• Duchamp and Repetition

    • Zaunschirm, Thomas    05/01/00

    Dear Rhonda, Who said, he hated repetition? Exactly — that was the crucial point in staring at Marcel Duchamp's work for almost one century. The solution does not lie in an agreement of the scholars, but in the deconstruction of this vain palace of interpretations. You are doing the main job. Just looking at the phenomena and describing the co

  • What Makes the Bicycle Wheel a Readymade?

    • 05/01/00

    Dear Tout-Fait, This question is in my mind and it drives me crazy... Is the Bicycle Wheel a readymade? One of my first contacts with the work of Marcel Duchamp was an interview he gave (in French) in the late 60s. He explained very well what the idea behind a readymade is. He also explained the process that led to the Bicycle Wheel. I remember

  • Response to “What Makes the Bicycle Wheel a Readymade?”

    • Shearer, Rhonda Roland    05/01/00

    click to enlarge Illustration 1 Duchamp's Studio, 33 West 67 Street, New York, 1917-18 © 2000 Succession Marcel Duchamp ARS, N.Y./ADAGP, Paris. click to enlarge Illustration 2 Marcel Duchamp, Unhappy Readymade, 1919 © 2000 Succession Marcel Duchamp ARS, N.Y./ADAGP, Paris. The Duchamp Bicycle Wheel(1913), and Stool

  • Response to “Boats & Deckchairs”

    • Naumann, Francis M.    05/01/00

    Dear Dr. Gould; When I saw the headline of the article you and your wife wrote in the December-JanuaryNatural History, as a chemist, one thought came to my mind: cyclohexane. As I read the article, I realized that the connection may be germane. When learning organic chemistry, the structures initially are written as two-dimensional. Only later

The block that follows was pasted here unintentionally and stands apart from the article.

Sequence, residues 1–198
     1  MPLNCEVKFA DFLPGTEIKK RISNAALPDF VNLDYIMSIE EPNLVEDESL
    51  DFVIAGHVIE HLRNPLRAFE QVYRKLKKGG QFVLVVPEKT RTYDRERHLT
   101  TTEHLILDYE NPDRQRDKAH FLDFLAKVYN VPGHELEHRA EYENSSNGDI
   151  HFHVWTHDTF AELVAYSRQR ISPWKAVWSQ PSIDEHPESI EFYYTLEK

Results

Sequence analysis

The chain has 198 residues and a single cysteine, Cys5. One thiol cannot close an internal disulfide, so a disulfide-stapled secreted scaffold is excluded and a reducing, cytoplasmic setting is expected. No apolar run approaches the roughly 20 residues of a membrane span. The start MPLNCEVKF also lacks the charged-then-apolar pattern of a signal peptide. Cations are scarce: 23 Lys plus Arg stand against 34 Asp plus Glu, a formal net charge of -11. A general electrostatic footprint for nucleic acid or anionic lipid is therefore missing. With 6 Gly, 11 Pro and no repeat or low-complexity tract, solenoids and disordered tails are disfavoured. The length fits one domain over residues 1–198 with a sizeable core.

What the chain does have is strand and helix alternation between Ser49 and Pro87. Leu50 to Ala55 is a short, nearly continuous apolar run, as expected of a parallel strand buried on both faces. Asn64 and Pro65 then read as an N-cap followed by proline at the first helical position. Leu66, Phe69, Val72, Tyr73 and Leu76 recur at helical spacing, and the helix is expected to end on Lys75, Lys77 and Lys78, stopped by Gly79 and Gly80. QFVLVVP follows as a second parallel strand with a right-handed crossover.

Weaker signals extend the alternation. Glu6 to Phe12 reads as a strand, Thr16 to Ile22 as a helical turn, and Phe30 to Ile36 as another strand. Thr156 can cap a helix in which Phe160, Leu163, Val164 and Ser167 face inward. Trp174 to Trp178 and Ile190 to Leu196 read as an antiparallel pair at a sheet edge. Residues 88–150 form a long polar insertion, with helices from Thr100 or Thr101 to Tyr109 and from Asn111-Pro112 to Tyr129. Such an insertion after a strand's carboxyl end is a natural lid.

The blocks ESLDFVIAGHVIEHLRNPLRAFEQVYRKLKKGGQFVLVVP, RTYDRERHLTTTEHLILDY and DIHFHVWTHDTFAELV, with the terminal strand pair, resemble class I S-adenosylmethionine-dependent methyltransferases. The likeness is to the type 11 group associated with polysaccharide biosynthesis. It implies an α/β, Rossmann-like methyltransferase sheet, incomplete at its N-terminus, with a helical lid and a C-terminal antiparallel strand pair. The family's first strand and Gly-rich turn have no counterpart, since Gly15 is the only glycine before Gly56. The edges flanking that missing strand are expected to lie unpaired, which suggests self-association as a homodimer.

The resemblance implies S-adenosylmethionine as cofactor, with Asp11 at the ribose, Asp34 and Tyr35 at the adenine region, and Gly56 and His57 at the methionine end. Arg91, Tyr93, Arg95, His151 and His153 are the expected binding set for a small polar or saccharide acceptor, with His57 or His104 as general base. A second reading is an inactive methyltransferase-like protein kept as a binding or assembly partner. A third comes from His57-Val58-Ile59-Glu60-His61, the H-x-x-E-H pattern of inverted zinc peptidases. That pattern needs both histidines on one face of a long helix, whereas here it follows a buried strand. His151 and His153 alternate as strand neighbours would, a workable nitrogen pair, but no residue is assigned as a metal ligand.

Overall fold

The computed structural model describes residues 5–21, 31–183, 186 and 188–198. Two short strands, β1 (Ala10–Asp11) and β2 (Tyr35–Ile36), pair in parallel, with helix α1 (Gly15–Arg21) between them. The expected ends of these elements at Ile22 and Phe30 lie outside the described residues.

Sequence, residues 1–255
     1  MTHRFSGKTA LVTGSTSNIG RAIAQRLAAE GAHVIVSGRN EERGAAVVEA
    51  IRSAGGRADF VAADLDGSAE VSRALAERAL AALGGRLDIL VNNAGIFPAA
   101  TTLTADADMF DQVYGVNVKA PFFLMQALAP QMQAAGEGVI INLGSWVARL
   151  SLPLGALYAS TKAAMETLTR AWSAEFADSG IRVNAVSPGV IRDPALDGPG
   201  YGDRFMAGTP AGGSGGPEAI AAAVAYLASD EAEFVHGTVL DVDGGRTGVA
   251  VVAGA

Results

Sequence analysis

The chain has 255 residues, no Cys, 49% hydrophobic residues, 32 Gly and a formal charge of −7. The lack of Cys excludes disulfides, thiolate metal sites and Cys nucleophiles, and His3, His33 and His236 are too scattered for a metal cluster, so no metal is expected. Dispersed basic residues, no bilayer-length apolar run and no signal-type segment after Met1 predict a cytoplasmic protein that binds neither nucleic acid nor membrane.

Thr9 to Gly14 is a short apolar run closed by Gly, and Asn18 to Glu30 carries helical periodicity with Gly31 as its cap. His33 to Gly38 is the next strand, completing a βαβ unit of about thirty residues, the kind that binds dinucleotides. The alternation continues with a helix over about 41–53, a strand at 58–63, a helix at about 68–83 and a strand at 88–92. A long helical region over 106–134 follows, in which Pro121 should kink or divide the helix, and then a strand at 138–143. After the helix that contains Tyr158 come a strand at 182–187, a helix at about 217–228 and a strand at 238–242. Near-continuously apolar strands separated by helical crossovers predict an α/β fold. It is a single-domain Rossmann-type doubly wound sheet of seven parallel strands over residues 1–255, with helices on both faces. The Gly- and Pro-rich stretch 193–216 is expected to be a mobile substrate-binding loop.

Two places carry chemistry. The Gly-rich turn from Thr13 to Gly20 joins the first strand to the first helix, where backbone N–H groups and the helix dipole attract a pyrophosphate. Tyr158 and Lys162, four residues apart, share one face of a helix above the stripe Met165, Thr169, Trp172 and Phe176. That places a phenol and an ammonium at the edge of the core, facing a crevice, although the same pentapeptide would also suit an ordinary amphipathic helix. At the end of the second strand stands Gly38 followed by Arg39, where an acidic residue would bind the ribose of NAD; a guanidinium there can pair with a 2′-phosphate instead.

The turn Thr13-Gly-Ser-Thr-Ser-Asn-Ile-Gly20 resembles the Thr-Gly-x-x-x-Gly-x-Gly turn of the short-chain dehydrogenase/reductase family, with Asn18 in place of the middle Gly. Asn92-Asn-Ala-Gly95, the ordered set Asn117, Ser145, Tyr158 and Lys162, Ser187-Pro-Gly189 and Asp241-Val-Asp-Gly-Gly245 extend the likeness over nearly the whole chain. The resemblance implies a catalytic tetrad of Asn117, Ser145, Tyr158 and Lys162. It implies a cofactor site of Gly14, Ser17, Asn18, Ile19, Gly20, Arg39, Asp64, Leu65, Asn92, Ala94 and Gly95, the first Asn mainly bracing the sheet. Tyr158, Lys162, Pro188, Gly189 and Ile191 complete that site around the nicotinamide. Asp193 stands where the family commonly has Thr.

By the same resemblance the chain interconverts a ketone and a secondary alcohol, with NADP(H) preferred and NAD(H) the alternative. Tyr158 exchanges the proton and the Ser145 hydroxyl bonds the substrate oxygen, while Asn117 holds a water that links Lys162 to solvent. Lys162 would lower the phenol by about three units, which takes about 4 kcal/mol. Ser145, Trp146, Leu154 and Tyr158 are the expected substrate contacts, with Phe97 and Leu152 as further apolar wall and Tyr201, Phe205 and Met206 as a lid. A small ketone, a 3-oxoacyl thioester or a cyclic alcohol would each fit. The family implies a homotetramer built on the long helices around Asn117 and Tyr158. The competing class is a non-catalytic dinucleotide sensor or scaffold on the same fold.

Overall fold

• Response to “Boats & Deckchairs”

    • Schmitt, James L.    05/01/00

    Dear Drs. Gould and Shearer, Thank you for your interesting article in the December issue of Natural History. It led me to an alternative interpretation of his boat/deckchair illusion using the notion of a cross-section, which is implicit in the passage from Flatland that you quoted. Imagine three spheres in space. One can obtain a 2-dimensiona

  • Response to “Boats & Deckchairs”

    • McCallum, Bill    05/01/00

    To the Editor: In their essay on a note by Marcel Duchamp about the fourth dimension (Natural History, 12/99-1/00), Stephen Jay Gould and Rhonda Roland Shearer emphasize the fact that no other previous Duchamp scholar has ever noticed that the text of this particular note relates to the image of three boats in a landscape that appears on its ver

  • Response to “Boats & Deckchairs”

    • Ausubel, Robert    05/01/00

    Dear Professors, I am only vaguely familiar with the concept of the fourth dimension, and your fascinating essay in the January Natural History will encourage me to investigate it. I believe that you are away of some points that I would like to make and ignored them for brevity's sake, but let's see. One of the overriding proposals of the essay